Tributes Mark 20th Anniversary of Space Shuttle Columbia Tragedy

Tributes Mark 20th Anniversary of Space Shuttle Columbia Tragedy

Today is the 20th anniversary of the Space Shuttle Columbia tragedy that took the lives of six NASA astronauts and Israeli Air Force pilot Ilan Ramon. Colleagues, politicans and others paid tribute to their courage and vowed to ensure a culture of safety as astronauts continue to explore the stars.

Columbia lifted off from the Kennedy Space Center on the STS-107 science mission on January 16, 2003. Aboard were Ramon and NASA’s Rick Husband, Willie McCool, Michael Anderson, Kalpana Chawla, David Brown, and Laurel Clark.

Divided into “red” and “blue” teams working opposite shifts, the crew spent 16 days in space conducting more than 80 science experiments in the Spacehab module secured in the shuttle’s cargo bay.

Red Team members from left: Kalpana Chawla, Rick  Husband, Laurel Clark ,and Ilan Ramon. Blue Team members from left:  David Brown, Willie McCool, and Michael Anderson. Photo Credit: NASA

On February 1, they began their return to Earth.

During liftoff, however, a piece of insulating foam had broken off the shuttle’s External Tank and hit the leading edge of the shuttle’s left wing 82 seconds into the ascent.

It was nothing new. Foam had fallen from the External Tank during every flight since the first in 1981. Initially NASA shrugged it off even though video clearly showed the impact.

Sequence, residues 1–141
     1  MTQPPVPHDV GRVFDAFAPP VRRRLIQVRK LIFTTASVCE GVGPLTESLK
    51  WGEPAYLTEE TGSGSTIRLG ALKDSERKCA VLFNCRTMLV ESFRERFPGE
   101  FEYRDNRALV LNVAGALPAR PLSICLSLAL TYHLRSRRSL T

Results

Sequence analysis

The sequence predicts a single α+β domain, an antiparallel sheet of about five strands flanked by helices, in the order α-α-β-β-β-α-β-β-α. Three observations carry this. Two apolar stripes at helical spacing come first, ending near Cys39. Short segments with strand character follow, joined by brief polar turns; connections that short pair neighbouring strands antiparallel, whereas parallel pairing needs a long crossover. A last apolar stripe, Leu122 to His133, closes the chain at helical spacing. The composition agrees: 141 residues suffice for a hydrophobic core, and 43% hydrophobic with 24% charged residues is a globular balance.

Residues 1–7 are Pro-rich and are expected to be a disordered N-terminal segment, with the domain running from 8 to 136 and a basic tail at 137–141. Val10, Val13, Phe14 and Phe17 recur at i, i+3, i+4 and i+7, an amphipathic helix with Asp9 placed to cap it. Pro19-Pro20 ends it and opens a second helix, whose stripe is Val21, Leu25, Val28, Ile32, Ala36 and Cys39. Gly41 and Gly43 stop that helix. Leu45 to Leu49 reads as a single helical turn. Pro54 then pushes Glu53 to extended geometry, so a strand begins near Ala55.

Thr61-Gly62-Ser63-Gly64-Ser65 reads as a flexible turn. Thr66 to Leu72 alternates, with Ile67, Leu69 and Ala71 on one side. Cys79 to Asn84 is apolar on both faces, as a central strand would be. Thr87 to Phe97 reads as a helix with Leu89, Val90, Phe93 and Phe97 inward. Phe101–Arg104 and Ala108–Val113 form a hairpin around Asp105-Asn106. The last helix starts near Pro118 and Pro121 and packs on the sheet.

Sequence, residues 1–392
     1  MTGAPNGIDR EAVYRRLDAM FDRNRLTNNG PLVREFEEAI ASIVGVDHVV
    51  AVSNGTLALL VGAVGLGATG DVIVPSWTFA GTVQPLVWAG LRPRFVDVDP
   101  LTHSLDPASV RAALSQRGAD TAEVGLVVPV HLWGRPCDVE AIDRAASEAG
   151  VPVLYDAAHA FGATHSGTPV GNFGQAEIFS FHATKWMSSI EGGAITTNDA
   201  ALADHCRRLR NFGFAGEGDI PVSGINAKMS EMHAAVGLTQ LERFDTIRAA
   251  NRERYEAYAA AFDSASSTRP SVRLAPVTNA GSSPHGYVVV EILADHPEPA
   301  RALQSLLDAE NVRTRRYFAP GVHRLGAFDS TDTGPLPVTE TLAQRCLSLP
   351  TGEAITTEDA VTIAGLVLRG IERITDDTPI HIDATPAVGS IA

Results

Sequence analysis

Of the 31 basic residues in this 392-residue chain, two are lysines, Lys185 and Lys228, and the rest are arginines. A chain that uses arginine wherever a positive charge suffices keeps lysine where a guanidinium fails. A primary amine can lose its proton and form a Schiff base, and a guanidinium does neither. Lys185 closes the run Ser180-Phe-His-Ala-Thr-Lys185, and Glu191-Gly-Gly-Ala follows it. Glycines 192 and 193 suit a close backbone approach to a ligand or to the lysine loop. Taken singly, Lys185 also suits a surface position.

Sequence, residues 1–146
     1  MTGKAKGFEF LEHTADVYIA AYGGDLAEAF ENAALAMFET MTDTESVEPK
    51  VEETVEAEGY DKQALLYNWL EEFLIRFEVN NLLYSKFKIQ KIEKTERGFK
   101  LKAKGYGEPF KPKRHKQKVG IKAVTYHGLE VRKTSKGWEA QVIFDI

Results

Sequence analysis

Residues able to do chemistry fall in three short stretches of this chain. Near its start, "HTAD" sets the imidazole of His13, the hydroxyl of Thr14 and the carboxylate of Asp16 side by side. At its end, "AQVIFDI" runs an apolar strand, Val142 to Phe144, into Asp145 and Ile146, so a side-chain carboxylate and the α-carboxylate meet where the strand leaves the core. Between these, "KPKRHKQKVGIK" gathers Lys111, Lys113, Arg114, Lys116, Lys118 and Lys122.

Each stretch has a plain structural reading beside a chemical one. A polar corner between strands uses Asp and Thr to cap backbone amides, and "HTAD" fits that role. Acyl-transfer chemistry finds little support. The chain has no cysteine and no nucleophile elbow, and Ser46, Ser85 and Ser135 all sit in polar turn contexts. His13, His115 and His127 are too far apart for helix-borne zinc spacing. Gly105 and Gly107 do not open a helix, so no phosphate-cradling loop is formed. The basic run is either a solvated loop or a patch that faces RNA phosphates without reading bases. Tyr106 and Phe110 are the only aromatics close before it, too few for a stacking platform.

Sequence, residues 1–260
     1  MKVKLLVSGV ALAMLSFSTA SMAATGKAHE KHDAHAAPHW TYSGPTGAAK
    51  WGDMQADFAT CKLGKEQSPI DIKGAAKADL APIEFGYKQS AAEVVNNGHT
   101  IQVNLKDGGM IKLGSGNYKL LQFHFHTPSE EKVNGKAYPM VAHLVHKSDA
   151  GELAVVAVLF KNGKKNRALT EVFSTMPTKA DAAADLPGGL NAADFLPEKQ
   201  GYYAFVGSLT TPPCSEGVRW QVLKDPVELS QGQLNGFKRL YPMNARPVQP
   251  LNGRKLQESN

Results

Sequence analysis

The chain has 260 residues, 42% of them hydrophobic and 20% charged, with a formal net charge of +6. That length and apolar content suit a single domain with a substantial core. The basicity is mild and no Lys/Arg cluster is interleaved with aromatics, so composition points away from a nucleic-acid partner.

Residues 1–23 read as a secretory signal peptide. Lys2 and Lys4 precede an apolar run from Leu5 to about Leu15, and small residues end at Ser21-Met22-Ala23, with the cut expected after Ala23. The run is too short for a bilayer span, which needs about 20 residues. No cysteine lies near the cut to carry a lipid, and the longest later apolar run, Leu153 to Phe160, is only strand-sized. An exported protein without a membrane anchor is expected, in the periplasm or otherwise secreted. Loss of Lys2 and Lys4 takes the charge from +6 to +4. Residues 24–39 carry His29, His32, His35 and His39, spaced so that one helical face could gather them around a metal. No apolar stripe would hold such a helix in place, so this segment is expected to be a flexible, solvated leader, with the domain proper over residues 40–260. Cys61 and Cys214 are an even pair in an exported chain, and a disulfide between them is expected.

On the PBS NewsHour tonight, Miles O’Brien, a CNN reporter at the time and now an independent journalist, showed the video of that foam strike as he reported it at the time.

Foam had caused damage in the past, but nothing too worrisome as far as NASA and its contractors were concerned.  This time, however, it was catastrophic.

The impact punctured a hole in the Reinforced Carbon Carbon lining the edge of the wing. As the shuttle glided down through the atmosphere, the superheated gases that surround it during reentry entered the hole and deformed the wing. The shuttle was torn apart by aerodynamic forces. All aboard were killed over Texas, just 16 minutes from landing.

The Columbia Accident Investigation Board determined the technical reasons for the disaster, but also bore into the mindset that led so many skilled engineers and managers to dismiss the threat for more than 20 years. They adopted a phrase coined by sociologist Diane Vaughn in her book about the root cause of the 1986 Space Shuttle Challenger tragedy — the “normalization of deviance,” when something that should be unacceptable becomes acceptable because nothing really bad happened before.

In his NewsHour segment tonight, O’Brien interviewed Sen. Mark Kelly (D-AZ) who was a NASA astronaut back then. He and his twin brother, Scott, were selected in the 1996 class of astronauts along with Brown, Clark and McCool.

How had foam falling from the External Tank become “ingrained” as “something that just happens?”, O’Brien asked. NASA spent “a lot of time and effort on engineering and engineering analysis and trying to chase down anything that could be an issue. And this one, for some reason, it just got dismissed,” Kelly replied.